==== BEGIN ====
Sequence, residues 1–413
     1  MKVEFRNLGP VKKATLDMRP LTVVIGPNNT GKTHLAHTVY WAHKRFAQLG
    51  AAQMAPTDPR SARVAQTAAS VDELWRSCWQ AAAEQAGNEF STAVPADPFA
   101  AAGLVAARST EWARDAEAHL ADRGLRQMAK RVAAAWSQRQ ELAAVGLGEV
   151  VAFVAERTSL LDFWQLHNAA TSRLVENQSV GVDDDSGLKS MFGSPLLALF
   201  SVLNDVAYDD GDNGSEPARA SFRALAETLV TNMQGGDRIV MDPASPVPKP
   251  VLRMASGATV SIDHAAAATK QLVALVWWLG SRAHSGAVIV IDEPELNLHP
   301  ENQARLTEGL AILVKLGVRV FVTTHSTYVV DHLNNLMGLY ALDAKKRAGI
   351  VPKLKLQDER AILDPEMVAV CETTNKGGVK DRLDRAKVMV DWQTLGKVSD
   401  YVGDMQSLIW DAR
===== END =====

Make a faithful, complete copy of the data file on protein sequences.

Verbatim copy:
Sequence, residues 1–413
     1  MKVEFRNLGP VKKATLDMRP LTVVIGPNNT GKTHLAHTVY WAHKRFAQLG
    51  AAQMAPTDPR SARVAQTAAS VDELWRSCWQ AAAEQAGNEF STAVPADPFA
   101  AAGLVAARST EWARDAEAHL ADRGLRQMAK RVAAAWSQRQ ELAAVGLGEV
   151  VAFVAERTSL LDFWQLHNAA TSRLVENQSV GVDDDSGLKS MFGSPLLALF
   201  SVLNDVAYDD GDNGSEPARA SFRALAETLV TNMQGGDRIV MDPASPVPKP
   251  VLRMASGATV SIDHAAAATK QLVALVWWLG SRAHSGAVIV IDEPELNLHP
   301  ENQARLTEGL AILVKLGVRV FVTTHSTYVV DHLNNLMGLY ALDAKKRAGI
   351  VPKLKLQDER AILDPEMVAV CETTNKGGVK DRLDRAKVMV DWQTLGKVSD
   401  YVGDMQSLIW DAR